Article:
DENVER — Risk managers and corporate executives are achieving greater alignment in their views of risk management's strategic role within their organizations, but much work remains to prioritize specific risks and exposures.
Ninety-three percent of C-Suite executives and 87% of risk managers polled said risk management has at least some bearing on their organization's business strategy, according to the 11th annual “Excellence in Risk Management” survey, released Monday and co-authored by Marsh L.L.C. and the Risk & Insurance Management Society Inc. Risk managers and senior executives also were more or less in synch in terms of their assessments of their companies' effectiveness in managing their risks, as well as the extent to which risk management is treated as a “key strategic function” within their organization, according to the survey.
“Risk management is becoming the crossroads of organizational strategy,” Brian Elowe, a Boston-based managing director at Marsh, said Monday during a press conference at the 2014 RIMS conference and exhibition in Denver. “It's becoming the area that's aligning the organizational conversation around risk. It used to happen as a function of responding to risk, but it's becoming much more integrated into strategic planning and management.”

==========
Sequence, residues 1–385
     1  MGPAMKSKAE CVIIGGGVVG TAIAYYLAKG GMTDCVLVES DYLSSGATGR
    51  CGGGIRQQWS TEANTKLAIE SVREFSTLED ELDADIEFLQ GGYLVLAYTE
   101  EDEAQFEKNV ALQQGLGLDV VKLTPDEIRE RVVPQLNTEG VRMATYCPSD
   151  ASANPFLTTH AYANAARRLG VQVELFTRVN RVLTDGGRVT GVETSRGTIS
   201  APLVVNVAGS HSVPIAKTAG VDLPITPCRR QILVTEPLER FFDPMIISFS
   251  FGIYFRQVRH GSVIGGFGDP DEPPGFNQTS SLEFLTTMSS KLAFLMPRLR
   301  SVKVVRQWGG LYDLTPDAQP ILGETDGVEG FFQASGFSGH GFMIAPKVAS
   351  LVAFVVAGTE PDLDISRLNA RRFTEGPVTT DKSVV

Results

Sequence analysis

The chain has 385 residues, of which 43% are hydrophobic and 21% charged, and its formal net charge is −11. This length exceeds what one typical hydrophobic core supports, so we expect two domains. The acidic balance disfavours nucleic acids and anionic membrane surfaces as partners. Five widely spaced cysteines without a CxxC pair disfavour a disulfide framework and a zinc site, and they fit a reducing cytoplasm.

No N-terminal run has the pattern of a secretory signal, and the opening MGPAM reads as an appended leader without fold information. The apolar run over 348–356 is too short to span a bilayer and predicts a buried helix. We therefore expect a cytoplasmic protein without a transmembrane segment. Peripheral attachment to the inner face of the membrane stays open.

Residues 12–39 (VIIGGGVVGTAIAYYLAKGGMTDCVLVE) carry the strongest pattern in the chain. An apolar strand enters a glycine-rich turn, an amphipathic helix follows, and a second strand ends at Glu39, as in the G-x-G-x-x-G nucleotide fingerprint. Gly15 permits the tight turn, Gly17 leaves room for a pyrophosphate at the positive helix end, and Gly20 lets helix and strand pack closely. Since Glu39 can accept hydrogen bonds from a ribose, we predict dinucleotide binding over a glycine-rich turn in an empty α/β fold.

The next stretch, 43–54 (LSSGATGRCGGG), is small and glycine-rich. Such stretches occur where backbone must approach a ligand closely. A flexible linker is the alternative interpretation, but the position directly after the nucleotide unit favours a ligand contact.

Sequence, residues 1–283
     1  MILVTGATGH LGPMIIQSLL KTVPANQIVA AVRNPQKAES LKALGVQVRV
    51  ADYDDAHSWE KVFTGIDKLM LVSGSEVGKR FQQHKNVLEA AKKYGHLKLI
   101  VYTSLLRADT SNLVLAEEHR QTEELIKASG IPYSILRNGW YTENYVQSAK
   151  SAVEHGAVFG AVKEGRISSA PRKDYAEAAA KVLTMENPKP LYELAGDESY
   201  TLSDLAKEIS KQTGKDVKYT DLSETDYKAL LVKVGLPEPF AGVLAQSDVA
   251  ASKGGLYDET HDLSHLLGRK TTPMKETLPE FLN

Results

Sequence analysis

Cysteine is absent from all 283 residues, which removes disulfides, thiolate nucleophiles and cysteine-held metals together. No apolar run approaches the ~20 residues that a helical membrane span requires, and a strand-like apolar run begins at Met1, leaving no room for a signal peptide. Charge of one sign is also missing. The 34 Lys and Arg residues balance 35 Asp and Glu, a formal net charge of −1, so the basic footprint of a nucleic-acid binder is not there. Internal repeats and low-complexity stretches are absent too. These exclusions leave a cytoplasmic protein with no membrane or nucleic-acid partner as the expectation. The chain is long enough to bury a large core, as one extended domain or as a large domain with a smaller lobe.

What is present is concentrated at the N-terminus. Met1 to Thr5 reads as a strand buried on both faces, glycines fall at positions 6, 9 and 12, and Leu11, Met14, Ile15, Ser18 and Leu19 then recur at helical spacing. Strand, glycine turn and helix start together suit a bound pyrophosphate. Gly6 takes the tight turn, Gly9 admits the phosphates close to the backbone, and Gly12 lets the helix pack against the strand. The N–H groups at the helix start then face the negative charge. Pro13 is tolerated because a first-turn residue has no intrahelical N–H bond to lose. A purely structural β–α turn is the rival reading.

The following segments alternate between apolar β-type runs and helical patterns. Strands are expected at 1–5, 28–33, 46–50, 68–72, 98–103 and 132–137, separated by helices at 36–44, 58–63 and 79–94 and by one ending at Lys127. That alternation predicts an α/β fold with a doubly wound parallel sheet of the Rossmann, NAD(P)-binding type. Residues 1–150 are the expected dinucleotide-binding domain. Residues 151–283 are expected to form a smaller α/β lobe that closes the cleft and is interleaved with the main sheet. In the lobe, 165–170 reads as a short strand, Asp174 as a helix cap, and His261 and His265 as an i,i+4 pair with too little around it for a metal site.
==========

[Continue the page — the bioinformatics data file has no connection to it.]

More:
Over the next three to five years, a majority of both risk managers — 55% — and senior executives — 67% — said strategy and execution aptitude will be their risk management departments' most critical abilities and areas of knowledge.
Additionally, 55% of C-suite executives said business acumen would likely become more vital to their risk managers' job functions, while 37% of risk managers said they expect greater demand from their senior leadership for specific technical knowledge over the next five years.
“It's no longer enough for risk managers to be responsible solely for risk transfer,” said Carol Fox, New York-based director of the strategic and enterprise risk practice at RIMS. “Risk managers are being asked by their boards of directors and their CFOs to be more engaged the strategic planning of their organization.”
Risk managers and senior executives also showed greater alignment in terms of which risks and exposures they think present the greatest potential threat to their organizations.
Asked to rank their top 10 most concerning risks, six of the specific exposures the two groups listed were the same, including — for the first time in the survey's 11-year history — damage to their companies' brand and/or reputation.
“There was good alignment this year between the C-suite and risk professionals, and we haven't always seen that in the past,” Mr. Elowe said.
However, he said, risk professionals ranked data privacy and security as their top risk concern and technology systems failure as their eighth-most troubling risk. But C-suite executives did not rank either of those issues among their top 10 risks.
“There is a big discrepancy between the C-suite and risk professionals in the area of data security and technology failures,” Mr. Elowe said. “I think it's definitely an area where there's opportunity for better alignment within organizations.”